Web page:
LifeLock has reached a $12 million settlement with the FTC and 35 states over deceptive advertising. The FTC has full details of the specific claims it cited LifeLock for.
Current and former customers who may be eligible for a refund will receive a letter in the mail from the FTC with details on how to proceed. Visit FTC.gov/Lifelock for more details or call 202-326-3757.
Alaska, Arizona, California, Delaware, Florida, Hawaii, Idaho, Illinois, Indiana, Iowa, Kentucky, Maine, Maryland, Massachusetts, Michigan, Missouri, Mississippi, Montana, Nebraska, Nevada, New Mexico, New York, North Carolina, North Dakota, Ohio, Oregon, Pennsylvania, South Carolina, South Dakota, Tennessee, Texas, Vermont, Virginia, Washington and West Virginia all took part in the settlement, according to the FTC.
If you’ve ever seen or heard a LifeLock ad, you know that CEO Todd Davis proudly announces his Social Security number — essentially challenging thieves to steal his identity. It’s brilliant marketing that’s won them a lot of customers.
Know that Lifelock is not a scam. But you’re paying for false security.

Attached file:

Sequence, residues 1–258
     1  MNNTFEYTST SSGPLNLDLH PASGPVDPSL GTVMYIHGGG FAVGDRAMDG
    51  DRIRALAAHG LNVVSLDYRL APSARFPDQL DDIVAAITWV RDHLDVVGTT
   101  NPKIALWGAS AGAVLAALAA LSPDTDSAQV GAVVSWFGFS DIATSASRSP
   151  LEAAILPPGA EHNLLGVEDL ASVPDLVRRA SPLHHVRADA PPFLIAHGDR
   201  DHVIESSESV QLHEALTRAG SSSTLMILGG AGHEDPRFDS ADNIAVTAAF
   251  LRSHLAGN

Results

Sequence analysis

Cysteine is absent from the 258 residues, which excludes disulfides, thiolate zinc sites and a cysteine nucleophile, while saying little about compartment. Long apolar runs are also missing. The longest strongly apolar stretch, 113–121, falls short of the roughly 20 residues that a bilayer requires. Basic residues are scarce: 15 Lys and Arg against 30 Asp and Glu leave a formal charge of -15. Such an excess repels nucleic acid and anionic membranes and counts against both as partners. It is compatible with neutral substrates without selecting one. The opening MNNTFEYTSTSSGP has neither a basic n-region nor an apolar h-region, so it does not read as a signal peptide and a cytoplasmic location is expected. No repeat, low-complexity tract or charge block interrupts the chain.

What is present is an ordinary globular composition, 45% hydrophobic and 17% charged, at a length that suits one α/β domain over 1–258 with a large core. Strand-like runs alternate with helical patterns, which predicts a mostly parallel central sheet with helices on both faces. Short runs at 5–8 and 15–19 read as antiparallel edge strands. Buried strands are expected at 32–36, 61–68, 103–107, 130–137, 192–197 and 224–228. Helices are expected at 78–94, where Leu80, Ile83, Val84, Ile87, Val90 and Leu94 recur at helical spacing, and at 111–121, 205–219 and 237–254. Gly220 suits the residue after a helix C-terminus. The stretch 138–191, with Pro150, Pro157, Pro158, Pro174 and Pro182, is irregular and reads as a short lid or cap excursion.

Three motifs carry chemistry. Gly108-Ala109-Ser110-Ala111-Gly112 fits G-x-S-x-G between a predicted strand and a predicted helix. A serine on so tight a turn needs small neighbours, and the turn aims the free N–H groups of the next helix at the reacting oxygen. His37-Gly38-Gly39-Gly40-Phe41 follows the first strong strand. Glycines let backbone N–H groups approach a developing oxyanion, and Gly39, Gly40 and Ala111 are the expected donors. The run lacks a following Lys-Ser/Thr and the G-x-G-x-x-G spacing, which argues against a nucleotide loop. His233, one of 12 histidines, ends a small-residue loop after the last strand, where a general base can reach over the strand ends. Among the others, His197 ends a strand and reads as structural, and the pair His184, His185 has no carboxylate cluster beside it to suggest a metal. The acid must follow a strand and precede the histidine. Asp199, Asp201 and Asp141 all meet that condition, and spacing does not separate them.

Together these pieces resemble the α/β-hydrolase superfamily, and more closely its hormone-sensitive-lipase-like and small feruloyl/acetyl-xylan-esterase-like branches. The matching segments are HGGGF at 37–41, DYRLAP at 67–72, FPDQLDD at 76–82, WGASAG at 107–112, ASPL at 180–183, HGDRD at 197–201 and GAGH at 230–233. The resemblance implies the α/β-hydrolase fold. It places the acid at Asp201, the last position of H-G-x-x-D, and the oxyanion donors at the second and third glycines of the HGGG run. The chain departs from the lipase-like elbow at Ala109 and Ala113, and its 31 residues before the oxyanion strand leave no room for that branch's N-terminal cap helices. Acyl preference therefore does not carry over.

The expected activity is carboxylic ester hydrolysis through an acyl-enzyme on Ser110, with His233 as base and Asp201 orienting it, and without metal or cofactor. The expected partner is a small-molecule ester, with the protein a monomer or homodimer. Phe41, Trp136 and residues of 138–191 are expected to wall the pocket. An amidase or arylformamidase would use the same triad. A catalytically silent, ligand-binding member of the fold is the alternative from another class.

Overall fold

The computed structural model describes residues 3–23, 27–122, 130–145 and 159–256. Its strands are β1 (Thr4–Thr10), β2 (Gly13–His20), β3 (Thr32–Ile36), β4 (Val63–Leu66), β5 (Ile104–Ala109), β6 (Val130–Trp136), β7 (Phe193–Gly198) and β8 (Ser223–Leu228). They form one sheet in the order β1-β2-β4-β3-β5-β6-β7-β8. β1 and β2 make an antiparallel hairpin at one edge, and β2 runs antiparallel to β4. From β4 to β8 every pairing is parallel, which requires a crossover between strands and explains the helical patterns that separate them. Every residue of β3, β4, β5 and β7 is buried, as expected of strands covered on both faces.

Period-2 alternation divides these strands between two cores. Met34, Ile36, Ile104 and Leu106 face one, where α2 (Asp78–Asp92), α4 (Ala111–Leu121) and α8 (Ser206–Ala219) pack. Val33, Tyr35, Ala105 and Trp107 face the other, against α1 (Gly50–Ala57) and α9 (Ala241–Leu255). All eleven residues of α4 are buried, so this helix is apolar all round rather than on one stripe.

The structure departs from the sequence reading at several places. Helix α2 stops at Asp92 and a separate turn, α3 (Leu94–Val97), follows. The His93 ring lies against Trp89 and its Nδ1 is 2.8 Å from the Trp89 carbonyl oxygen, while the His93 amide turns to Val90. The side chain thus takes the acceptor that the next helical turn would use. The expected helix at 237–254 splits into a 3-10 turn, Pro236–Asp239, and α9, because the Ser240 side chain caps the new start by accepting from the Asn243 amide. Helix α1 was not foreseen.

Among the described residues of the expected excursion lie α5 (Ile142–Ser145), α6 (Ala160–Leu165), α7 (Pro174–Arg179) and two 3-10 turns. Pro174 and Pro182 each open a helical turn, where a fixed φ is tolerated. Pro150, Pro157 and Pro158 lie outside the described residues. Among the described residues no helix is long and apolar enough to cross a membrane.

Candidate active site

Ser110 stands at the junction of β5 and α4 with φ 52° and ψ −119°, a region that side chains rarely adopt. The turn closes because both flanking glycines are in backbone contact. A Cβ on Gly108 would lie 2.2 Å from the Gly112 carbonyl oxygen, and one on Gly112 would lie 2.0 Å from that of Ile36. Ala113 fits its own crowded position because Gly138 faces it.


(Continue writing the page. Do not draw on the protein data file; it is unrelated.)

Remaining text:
LifeLock’s business model is based on offering a glorified monitoring service and repeatedly putting fraud alerts on your credit files. These alerts are meant to raise a flag to potential creditors so they carefully verify an applicant’s identity before extending credit.
Too often, however, the alerts are ignored and credit is extended anyway to thieves using your name.
So what’s the best available solution? Do a credit freeze. You’ll pay zero to $10 per bureau, depending on your state. This will shut a criminal down cold when they try to apply for new lines of credit in your name.
Credit freezes will not, however, prevent account takeover fraud where someone steals your credit card, your credit card number or a so-called “convenience” check from your mailbox. Executive producer Christa recently has a thief take checks from her mailbox and try to cash them in for $24,000. Fortunately, her bank caught it before the money was lost.